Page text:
The other day I was looking out my office window and something unusual flashed by on the road. I didn't get a good look at it but I could tell it wasn't an ordinary car. I wanted a better look, just out of idle curiosity, so I did what anyone would do in that situation: I reached for the remote control so I could rewind and play it back.

The only problem, as I soon realized, is that windows don't have a rewind feature. It was frustrating. It's not the first time I have reflexively reached for the rewind button. Sometimes I miss bits of conversation and I think for a brief moment I'll rewind and listen to that again. If you have a DVR at home, you might be having the same frustration.

Watching television still isn't as good as real life, at least on average, but that gap is narrowing from both sides. Real life is getting worse while the quality of television continues to improve. Case in point, have you taken your car to the dealer for servicing during the current economic downturn? If so, I pity you. You already found out that the dealership is struggling on the sales side and they are trying to make up the difference on the service side. These days the sales staff has no function other than to hold your arms and legs while the service staff screws you.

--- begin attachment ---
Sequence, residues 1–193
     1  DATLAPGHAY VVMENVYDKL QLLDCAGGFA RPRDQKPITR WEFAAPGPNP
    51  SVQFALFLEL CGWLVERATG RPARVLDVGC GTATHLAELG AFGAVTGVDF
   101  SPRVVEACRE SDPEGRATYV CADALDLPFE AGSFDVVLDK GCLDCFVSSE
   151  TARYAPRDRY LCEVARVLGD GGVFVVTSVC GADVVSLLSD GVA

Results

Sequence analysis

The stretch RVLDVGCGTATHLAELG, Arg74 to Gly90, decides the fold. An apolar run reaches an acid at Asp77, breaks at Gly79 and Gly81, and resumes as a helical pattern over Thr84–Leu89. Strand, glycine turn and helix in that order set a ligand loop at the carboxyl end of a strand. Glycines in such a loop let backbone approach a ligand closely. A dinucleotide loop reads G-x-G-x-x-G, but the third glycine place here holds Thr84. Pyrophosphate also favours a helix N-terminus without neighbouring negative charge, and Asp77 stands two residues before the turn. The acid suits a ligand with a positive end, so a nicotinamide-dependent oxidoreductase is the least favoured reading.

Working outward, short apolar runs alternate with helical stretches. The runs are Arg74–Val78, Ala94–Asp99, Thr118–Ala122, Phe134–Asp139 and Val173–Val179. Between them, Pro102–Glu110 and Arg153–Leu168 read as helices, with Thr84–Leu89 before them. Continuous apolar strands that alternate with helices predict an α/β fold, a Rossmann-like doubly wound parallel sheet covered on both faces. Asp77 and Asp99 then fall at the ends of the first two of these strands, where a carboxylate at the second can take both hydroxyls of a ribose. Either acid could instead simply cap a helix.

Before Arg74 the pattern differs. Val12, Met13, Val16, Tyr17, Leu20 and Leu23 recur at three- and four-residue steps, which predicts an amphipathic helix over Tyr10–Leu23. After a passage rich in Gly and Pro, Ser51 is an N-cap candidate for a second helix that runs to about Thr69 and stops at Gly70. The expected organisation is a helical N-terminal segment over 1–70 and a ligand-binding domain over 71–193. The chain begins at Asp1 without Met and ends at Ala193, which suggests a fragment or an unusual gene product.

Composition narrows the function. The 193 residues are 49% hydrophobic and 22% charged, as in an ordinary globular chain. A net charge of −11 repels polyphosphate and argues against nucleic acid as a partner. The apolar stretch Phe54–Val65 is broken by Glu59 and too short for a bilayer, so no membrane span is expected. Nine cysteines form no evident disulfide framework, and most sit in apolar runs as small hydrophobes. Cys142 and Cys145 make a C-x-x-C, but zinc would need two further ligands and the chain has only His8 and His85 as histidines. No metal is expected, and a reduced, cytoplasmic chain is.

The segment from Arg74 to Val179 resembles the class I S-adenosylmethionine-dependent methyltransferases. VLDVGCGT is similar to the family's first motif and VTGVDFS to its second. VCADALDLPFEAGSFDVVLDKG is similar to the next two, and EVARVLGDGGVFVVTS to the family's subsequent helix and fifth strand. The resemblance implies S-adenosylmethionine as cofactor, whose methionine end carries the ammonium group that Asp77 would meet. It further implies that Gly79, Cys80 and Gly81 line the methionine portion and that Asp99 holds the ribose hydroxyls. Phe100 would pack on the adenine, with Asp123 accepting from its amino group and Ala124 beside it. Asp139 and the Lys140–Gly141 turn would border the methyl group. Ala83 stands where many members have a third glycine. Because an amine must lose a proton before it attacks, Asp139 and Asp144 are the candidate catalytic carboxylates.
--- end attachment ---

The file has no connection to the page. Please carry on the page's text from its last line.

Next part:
Try taking your car in for some minor service, such as an oil change. You'll end up paying for fixes that never actually happened, on car components that don't actually exist. For example, your service agent might tell you that if you don't get your flumerjib aligned, your kragwalter will oomulated and corrode the maxinflap. In a situation such as that, you know exactly two things:

1. If you take it somewhere for a second opinion, the second guy will screw you too, albeit in a new way.

2. If you try to service your car yourself, you will die in a fireball that will be visible from the International Space Station.